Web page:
Gibil Gabib is an archaeological site located about 5 km south of Caltanissetta, on a 615-metre-high mountain.
Excavations were first undertaken in the area in the middle of the 19th century and were reprised with great enthusiasm in the 1950s by the archaeologist Dinu Adameșteanu. They came to an end in 1984. In those undertaken in the middle of the 20th century, remains dating to the 6th century BC were brought to light, including parts of the city walls and some ceramic objects of the Bronze Age Castelluccio culture, while the 1980s excavations revealed a defensive tower from the middle of the 6th century BC. These discoveries were of great significance, because they helped to clarify the course of the city wall discovered almost thirty years earlier.
Objects discovered in the excavations include vases, objects for everyday use, plates and lamps, as well as a terracotta statue of a female divinity and the terracotta head, which demonstrate the existence of various spaces dedicated to religious cult. At the base of the mountain, there is a necropolis, where Siceliote red-figure pottery was found.References:
Dating from the 15th century, Kisimul is the only significant surviving medieval castle in the Outer Hebrides. It was the residence of the chief of the Macneils of Barra, who claimed descent from the legendary Niall of the Nine Hostages. Tradition tells of the Macneils settling in Barra in the 11th century, but it was only in 1427 that Gilleonan Macneil comes on record as the first lord. He probably built the castle that dominates the rocky islet, and in its shadow a crew house for his personal galley and crew. The sea coursed through Macneil veins, and a descendant, Ruari ‘the Turbulent’, was arrested for piracy of an English ship during King James VI’s reign in the later 16th century.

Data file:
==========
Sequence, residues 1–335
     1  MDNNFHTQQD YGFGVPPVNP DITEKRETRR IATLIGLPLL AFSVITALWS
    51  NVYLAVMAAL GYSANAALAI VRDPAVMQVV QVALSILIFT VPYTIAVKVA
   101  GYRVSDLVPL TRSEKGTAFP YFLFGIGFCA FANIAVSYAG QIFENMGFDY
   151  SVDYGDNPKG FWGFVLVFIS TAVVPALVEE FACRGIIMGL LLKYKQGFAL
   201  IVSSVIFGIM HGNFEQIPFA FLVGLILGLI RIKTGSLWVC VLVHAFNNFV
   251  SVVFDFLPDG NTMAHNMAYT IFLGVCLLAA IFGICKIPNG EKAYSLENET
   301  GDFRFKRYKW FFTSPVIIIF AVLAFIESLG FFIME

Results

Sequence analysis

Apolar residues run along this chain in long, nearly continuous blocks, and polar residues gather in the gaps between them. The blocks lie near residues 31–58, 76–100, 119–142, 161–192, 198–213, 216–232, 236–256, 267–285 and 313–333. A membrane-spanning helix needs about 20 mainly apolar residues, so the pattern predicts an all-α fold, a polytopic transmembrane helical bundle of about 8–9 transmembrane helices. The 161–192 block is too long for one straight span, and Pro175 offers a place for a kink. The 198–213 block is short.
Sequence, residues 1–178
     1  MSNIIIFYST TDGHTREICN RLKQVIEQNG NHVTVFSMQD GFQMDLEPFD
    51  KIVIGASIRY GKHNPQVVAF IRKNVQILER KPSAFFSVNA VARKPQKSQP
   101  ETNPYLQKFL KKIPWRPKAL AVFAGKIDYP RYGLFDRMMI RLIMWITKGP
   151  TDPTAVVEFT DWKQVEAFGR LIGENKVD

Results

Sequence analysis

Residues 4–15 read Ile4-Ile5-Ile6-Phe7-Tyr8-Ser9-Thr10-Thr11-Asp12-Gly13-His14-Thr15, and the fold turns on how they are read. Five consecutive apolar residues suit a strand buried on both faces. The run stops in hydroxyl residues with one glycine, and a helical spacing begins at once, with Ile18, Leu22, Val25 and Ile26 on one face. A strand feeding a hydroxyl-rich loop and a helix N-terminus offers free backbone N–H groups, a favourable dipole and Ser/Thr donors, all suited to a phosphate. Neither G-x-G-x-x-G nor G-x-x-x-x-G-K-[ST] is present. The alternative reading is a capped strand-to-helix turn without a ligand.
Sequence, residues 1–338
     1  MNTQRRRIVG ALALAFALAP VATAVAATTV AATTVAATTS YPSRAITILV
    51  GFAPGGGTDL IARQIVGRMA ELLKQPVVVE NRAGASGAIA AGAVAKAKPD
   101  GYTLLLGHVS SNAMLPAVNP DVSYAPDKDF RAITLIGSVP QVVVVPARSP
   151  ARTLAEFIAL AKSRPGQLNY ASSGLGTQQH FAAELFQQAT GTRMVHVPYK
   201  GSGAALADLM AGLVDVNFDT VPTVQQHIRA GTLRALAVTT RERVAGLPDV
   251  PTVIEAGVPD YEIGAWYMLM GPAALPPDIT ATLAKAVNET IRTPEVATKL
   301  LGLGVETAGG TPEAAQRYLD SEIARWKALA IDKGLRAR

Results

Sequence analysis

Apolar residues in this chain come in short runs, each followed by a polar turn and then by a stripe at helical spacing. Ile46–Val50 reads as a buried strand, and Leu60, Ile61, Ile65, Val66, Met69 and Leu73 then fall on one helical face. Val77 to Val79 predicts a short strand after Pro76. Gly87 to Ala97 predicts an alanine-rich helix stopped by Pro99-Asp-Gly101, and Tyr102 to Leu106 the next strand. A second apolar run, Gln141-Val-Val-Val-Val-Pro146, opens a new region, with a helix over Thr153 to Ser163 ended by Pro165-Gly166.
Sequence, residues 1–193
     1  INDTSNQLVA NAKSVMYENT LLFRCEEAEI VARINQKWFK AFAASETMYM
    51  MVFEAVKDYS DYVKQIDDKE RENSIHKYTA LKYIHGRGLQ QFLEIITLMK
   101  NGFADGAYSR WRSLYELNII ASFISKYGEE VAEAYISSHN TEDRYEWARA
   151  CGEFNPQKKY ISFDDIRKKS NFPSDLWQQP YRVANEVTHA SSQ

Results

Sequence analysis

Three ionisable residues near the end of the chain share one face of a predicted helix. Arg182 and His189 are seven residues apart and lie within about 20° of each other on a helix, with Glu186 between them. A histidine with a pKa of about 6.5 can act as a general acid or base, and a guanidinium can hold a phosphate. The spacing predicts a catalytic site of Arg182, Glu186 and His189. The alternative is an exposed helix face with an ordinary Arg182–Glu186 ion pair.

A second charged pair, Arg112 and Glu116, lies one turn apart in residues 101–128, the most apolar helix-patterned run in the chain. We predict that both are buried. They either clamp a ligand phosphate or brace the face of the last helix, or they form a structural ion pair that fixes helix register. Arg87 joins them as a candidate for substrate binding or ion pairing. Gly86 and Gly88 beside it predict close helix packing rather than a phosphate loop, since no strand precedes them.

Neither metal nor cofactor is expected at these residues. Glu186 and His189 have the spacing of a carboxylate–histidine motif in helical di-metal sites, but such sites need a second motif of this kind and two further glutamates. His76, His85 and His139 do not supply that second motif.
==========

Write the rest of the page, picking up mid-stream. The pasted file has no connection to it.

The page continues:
Heavy debts eventually forced the Macneil chiefs to sell Barra in 1838. However, a descendant, Robert Lister Macneil, the 45th Chief, repurchased the estate in 1937, and set about restoring his ancestral seat. It passed into Historic Scotland’s care in 2000.
The castle dates essentially from the 15th century. It takes the form of a three-storey tower house. This formed the residence of the clan chief. An associated curtain wall fringed the small rock on which the castle stood, and enclosed a small courtyard in which there are ancillary buildings. These comprised a feasting hall, a chapel, a tanist’s house and a watchman’s house. Most were restored in the 20th century, the tanist’s house serving as the family home of the Macneils. A well near the postern gate is fed with fresh water from an underground seam. Outside the curtain wall, beside the original landing-place, are the foundations of the crew house, where the sailors manning their chief’s galley had their quarters.